Some lawmakers from hard-hit states are unhappy with the compromise, saying that it would result in a slight delay in processing aid to victims, and that the overall total of FEMA funding wouldn’t be enough to account for the damage caused by the disasters.
“They would delay the process by punting back to the House,” said Sen. Roy Blunt (R-Mo.). The deal “also stripped $1 billion in disaster relief and provides less emergency funding for Missourians in the wake of record flooding and tornadoes,” he added.
Explore recent votes from the Senate.
Ending weeks of political brinkmanship, Congress finessed a dispute over disaster aid Monday night and advanced legislation to avoid a partial government shutdown only days away. (Sept. 26)
The debate over the budget bill turned on sharp — and familiar — political lines that scuttled earlier talk that the two parties were going to tone down their attacks.
Republicans, particularly House conservatives, said they were unwilling to add to the federal deficit, even for disaster funding, and accused Democrats of overspending. Democrats used the debate to portray Republicans as “holding hostage” relief checks for those struck by tornadoes, flooding, forest fires and droughts, focusing much of their criticism on House Majority Leader Eric Cantor (R), who represents Mineral, Va., the epicenter of the earthquake.
Although the agreement lifts the imminent specter of a government shutdown, it will not resolve the fight over how much FEMA needs to help disaster victims and whether that money must be offset with spending cuts.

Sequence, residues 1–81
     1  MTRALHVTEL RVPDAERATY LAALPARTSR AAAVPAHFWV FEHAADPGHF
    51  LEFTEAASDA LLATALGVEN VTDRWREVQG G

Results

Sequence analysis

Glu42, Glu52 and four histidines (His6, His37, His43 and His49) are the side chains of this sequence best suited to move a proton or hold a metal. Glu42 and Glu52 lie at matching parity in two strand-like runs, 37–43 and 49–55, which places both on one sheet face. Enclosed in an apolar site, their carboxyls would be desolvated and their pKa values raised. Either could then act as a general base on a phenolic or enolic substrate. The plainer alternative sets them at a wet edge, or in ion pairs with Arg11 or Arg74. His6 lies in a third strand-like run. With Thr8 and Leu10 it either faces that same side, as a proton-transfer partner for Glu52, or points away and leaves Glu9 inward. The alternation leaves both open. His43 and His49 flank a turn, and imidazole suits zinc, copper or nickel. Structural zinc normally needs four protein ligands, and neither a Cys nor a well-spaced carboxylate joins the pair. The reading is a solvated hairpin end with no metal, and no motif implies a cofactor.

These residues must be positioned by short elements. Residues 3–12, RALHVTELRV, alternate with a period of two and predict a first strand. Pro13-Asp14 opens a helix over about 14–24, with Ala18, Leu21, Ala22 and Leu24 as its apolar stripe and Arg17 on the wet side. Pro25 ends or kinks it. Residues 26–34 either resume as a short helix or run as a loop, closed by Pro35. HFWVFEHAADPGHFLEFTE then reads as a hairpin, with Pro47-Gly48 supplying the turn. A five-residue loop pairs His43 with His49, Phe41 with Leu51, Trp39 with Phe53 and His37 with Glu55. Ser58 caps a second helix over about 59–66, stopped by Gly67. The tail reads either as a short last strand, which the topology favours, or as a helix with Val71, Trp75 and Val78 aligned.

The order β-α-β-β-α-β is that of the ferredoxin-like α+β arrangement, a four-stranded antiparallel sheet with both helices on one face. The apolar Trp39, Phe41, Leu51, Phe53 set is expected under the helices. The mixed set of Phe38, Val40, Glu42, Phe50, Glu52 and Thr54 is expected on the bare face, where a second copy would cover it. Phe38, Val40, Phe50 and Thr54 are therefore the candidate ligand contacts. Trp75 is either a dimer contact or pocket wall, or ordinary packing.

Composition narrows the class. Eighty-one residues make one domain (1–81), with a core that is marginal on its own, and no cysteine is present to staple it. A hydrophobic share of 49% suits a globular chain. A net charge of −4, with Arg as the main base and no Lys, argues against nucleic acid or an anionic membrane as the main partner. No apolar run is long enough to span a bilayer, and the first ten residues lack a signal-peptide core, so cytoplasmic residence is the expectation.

The White House has said FEMA will need $4.6 billion for the next fiscal year — a figure many Democrats say underestimates the agency’s needs.
Democrats will push to fully fund FEMA’s request and perhaps broaden it during negotiations over spending for the rest of the year, but they were split Monday over what the compromise would mean for future funding battles.
“This is a very big and important move. It says we met each other halfway. We saved the jobs,” said Sen. Barbara Boxer (Calif.), referring to the the auto loan program. “We figured out a way to fund FEMA that was acceptable to them. It’s a template. We have to figure out how to meet each other halfway here.”
Sen. Patrick J. Leahy (Vt.), whose state was hit hard by flooding from Hurricane Irene, said the deal would solve the disaster issue — but only temporarily.
“I’m concerned about the fact that we give blank checks to Iraq and [Afghanistan] and we don’t want to take care of America for Americans,” he said. “It’s wrong, it’s foolish and it will come back to haunt us.”
Staff writer Ed O’Keefe contributed to this report.